February 11, 2015

To reach potential scientists, we need to make science more engaging. Credit: Martin Cron / Flickr Creative Commons

Science is really cool. It lets us explore our universe! It helps us cure diseases! Here’s a lecture from Neil DeGrasse Tyson! And look at all these awesome science experiments you can do at home!

But science isn’t just cool experiments and mind-blowing lectures from Neil DeGrasse Tyson; it’s hard work. Work that requires real scientists doing real studies that look nothing like Cosmos: A Spacetime Odyssey . And getting kids interested in the hard work of science can be challenging — but it can be done.

“If we make it relevant, people and students will be more willing to hang in there with the courses that we’re teaching,” says former researcher and current science evangelist Ainissa Ramirez. 

Ramirez argues that we're leaving a whole host of potential scientists, engineers, and mathematicians behind because of the backwards way we teach STEM courses.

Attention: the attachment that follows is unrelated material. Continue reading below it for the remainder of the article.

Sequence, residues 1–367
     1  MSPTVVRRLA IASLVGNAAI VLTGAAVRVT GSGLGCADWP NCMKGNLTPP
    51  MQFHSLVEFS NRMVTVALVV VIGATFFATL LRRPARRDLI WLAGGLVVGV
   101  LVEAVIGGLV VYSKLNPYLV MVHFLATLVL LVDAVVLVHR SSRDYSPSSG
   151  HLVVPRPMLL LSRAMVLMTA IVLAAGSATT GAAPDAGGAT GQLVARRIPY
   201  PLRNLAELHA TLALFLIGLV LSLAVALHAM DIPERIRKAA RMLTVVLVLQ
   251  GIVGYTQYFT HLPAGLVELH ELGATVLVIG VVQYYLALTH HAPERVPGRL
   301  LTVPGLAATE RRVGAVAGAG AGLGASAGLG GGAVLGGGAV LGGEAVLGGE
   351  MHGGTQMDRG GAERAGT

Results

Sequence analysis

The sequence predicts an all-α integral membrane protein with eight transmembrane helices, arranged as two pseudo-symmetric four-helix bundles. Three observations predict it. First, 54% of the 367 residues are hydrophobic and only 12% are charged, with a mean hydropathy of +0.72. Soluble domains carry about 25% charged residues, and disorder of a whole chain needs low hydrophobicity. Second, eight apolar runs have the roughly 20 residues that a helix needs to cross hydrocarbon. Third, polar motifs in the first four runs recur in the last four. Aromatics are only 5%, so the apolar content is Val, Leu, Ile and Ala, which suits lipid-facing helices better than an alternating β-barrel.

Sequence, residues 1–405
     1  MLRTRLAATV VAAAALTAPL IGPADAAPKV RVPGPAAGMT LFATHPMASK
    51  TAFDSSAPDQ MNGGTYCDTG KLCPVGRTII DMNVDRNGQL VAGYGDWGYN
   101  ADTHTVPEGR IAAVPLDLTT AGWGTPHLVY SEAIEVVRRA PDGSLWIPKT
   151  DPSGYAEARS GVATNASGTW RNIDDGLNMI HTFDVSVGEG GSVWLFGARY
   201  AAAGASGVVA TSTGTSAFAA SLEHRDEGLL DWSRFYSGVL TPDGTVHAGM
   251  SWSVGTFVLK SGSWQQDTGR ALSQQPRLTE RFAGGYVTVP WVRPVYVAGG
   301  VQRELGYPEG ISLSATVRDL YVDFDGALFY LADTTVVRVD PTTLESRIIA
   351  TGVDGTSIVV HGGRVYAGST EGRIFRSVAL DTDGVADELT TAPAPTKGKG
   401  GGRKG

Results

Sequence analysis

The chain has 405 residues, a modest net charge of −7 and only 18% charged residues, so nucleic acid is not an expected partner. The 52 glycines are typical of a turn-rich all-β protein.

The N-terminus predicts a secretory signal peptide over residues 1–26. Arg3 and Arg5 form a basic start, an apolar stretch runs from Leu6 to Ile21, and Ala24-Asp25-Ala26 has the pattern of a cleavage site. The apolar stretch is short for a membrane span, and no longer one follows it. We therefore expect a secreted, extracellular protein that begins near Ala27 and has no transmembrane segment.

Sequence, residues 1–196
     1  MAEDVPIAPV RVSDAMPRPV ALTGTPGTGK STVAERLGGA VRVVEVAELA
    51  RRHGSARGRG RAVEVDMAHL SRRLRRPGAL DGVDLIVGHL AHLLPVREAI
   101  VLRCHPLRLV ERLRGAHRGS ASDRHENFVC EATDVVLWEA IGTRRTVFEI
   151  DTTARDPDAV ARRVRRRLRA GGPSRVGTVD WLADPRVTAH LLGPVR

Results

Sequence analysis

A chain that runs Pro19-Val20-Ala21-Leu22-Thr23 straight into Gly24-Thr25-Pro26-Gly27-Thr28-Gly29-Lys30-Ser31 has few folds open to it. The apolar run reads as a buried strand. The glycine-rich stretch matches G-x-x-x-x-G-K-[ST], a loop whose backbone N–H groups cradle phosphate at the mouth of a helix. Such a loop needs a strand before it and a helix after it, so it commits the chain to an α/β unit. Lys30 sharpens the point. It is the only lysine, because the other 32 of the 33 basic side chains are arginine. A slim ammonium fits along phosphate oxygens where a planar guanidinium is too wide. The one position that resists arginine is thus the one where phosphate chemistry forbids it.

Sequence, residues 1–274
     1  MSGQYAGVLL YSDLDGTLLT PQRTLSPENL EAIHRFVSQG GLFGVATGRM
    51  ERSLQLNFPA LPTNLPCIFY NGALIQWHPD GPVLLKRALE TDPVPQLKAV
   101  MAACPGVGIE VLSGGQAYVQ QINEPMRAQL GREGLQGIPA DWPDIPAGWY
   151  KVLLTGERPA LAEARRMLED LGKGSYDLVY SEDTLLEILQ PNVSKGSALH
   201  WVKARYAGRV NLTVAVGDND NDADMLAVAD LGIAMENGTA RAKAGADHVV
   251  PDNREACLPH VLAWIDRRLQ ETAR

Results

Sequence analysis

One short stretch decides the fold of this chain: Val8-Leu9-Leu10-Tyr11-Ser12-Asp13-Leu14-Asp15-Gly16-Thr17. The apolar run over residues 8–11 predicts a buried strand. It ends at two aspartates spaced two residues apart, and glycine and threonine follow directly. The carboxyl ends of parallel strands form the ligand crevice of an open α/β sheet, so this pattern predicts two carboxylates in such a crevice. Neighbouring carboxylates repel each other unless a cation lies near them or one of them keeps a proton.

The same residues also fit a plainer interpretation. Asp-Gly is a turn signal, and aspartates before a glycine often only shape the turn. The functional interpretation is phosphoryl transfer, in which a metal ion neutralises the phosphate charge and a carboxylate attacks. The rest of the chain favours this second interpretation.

When Ramirez goes to schools, she’ll give talks like this one, explaining how nanotechnology might help fight cancer, -- or how, on the atomic level, gold appears red instead of the yellowish hue we see with our naked eye. She hopes that students fall in love with science before they get turned off by the difficult work that underlies the whole field.

However, even when children are motivated to study science, many of them fall by the wayside. “We have a lot of people that want to take STEM classes, and they pretty much get obliterated by these weed-out classes. Some of them are intro science, intro math classes. And we have a long legacy where professors...teach the classes in a way that those who are not that sure of themselves will weed themselves out.” Ramirez says that we need to support rather than tear down, perhaps by having math classes focus less on pure computation (after all, there are computers for that) and more on the reasoning behind the formulas.

After all, the initial rationale for those weed-out classes was that there were only a few openings in STEM fields. Now, that’s definitely not the case; in fact, there’s a considerable shortage. And with science education being a major part of Obama’s proposed 2016 budget, it looks like the way we teach our kids science is going to be a big part of America’s future.

high school, Education, science education, Ainissa Ramirez

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